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'Washington Post' probes 2023 alleged assassination plot of Sikh separatist

LEILA FADEL, HOST:

Last year, the Biden administration said it had thwarted an assassination attempt against an Indian activist living in the United States. Federal officials said they suspected India's government was involved, and they issued a warning to Prime Minister Narendra Modi's administration. A new report out today from the Washington Post provides the clearest evidence yet that the assassination plot came directly from New Delhi. The Post's Greg Miller has been reporting the story, and he joins me now from London. Good morning.

GREG MILLER: Good morning.

FADEL: So, Greg, this is quite a story, but just to step back for a moment, who is the activist that was the target of this assassination attempt last year?

MILLER: So the activist is a prominent member of the Sikh community. His name is Gurpatwant Pannun. He is a U.S. citizen. He works for an organization or with an organization Sikhs for Justice, and one of the things that it advocates for is a separate state for Sikh people in India. And he is - he was the main target of this assassination attempt in the United States last year.

FADEL: And is that why he was targeted? For that, I mean?

MILLER: Yeah. I mean, so, India sees him as an extremist/terrorist, somebody who is plotting to dismember the Indian state, even though there's really very little evidence that there is such a threat to the Indian government right now.

FADEL: Now, what links in your reporting did you find to the Indian government when it comes to this attempted assassination?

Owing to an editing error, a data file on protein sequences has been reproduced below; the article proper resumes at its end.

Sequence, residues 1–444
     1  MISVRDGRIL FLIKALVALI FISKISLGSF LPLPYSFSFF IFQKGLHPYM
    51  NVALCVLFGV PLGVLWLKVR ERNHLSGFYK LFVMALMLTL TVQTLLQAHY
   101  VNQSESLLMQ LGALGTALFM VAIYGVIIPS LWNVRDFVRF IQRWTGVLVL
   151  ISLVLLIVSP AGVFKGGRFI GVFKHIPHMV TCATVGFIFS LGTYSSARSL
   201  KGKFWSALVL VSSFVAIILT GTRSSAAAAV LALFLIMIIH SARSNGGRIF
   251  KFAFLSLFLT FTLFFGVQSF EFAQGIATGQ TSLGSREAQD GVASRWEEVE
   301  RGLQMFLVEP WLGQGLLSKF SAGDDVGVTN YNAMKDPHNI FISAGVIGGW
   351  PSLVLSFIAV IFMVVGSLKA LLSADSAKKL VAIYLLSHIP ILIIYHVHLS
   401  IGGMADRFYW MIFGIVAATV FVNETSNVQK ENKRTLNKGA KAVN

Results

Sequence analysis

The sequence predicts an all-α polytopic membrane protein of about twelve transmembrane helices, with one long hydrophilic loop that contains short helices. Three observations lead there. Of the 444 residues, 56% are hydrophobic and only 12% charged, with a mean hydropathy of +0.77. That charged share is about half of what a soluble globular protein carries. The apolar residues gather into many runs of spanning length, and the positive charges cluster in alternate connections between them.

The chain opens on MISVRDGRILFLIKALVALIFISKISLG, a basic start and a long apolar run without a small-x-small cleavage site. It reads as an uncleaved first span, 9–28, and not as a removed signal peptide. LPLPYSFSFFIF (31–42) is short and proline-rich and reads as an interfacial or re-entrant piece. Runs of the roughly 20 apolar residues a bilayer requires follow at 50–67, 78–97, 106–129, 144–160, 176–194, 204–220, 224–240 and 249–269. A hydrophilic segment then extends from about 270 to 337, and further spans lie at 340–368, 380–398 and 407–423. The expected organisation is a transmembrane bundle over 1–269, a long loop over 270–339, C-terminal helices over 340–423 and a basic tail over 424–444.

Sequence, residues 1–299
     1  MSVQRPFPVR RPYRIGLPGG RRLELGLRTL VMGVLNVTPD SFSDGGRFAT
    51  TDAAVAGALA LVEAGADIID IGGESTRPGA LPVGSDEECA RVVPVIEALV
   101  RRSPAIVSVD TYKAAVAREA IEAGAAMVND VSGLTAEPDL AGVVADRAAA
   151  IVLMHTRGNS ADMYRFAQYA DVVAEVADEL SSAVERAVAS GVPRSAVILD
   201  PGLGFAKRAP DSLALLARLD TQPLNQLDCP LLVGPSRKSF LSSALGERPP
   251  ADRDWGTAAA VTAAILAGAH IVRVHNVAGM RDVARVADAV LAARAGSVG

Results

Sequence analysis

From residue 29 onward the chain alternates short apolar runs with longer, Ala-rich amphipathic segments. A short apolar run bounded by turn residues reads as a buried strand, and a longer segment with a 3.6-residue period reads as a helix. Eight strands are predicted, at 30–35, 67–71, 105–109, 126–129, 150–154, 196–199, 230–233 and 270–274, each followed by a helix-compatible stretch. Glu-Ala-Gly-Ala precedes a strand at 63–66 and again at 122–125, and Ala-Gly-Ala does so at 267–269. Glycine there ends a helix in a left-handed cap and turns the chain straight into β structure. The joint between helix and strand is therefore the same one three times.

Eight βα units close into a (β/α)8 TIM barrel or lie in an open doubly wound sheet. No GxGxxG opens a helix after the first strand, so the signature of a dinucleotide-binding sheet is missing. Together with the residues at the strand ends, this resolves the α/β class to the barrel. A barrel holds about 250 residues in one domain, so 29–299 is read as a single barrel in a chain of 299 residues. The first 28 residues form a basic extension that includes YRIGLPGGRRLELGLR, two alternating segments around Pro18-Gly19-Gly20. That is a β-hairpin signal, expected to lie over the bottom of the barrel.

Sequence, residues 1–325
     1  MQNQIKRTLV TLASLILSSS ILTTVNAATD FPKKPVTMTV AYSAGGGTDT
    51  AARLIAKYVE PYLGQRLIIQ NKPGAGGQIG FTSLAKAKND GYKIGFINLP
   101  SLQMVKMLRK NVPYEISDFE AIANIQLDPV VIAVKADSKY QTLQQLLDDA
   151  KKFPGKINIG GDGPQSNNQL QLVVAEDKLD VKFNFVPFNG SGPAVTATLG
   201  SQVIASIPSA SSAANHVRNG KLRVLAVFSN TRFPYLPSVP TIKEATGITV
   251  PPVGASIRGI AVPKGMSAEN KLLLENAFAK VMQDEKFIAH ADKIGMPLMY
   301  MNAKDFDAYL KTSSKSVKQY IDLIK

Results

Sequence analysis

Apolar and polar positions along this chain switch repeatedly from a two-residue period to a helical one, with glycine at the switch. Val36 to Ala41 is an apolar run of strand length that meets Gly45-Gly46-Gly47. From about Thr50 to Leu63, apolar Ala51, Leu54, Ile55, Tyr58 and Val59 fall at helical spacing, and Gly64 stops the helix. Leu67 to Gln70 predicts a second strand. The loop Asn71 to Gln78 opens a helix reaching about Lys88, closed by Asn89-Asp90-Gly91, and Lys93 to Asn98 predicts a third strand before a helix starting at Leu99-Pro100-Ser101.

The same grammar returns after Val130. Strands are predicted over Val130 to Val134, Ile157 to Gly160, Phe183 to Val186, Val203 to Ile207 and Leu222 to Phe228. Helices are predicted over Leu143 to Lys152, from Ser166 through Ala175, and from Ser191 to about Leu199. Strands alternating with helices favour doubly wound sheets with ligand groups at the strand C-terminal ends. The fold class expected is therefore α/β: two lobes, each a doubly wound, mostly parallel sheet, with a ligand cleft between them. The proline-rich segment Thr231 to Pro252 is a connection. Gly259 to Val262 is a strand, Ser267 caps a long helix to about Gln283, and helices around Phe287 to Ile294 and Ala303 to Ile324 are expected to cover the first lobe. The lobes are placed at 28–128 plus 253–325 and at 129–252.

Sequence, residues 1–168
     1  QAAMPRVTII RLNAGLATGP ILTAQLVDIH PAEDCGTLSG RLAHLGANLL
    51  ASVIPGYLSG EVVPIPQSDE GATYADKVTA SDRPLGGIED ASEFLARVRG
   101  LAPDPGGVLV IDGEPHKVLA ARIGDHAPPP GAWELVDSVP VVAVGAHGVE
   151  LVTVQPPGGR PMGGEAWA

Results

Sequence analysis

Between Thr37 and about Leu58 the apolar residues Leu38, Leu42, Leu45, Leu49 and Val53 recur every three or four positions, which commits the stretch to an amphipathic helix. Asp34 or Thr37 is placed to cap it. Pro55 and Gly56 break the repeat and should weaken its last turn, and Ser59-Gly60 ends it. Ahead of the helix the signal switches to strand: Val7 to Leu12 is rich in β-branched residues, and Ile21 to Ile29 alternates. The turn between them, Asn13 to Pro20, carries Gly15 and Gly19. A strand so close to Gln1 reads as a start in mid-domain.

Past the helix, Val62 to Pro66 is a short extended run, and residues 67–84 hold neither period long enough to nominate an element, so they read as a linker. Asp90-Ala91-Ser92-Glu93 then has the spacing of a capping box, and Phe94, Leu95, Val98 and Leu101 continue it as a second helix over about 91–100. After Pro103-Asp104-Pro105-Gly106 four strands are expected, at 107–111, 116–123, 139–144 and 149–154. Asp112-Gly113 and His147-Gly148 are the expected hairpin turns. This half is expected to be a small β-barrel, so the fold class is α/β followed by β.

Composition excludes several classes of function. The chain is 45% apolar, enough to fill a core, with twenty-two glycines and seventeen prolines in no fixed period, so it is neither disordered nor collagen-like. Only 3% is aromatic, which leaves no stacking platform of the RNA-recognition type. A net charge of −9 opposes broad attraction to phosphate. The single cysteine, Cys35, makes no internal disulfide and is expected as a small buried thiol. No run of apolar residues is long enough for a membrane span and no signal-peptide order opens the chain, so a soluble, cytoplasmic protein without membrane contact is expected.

MILLER: So the Indian government obviously initially denied any connection to this, but our story not only shows that it was the Indian Intelligence Service, known as the Research and Analysis Wing, or RAW, but we were able to identify the specific officer in that intelligence service who was responsible for this operation, this assassination plot. We also reveal in our story that U.S. intelligence agencies have assessed that members of Prime Minister Modi's inner circle had awareness of this plot and/or authorized it.

FADEL: And were you able to get any response from the Indian government about these findings?

MILLER: The Indian government did not respond to a lengthy list of questions that we submitted some time ago. We made repeated attempts to interview officials with the Indian government, including those we name in the story. But we were told that this is just too sensitive a subject for them. They refused to answer any of our questions.

FADEL: Now, this comes at a time that the Biden administration has been trying to strengthen its ties with India in order to counter some of China's influence pushback on it. What has the Biden administration said about these findings and this attempted assassination?

MILLER: Well, this has been a very difficult situation for the Biden administration, because as you said, the administration has spent three years trying to cultivate closer ties with India, largely as a partner and ally against the rising strength of China. And so the administration to date has done very little regarding India - no sanctions, no expulsions, no other punitive measures, all aimed at trying to keep that relationship going smoothly.

FADEL: Greg Miller is an investigative reporter with the Washington Post. He joined us from London. Greg, thanks.

MILLER: Thank you. Transcript provided by NPR, Copyright NPR.

NPR transcripts are created on a rush deadline by an NPR contractor. This text may not be in its final form and may be updated or revised in the future. Accuracy and availability may vary. The authoritative record of NPR’s programming is the audio record.

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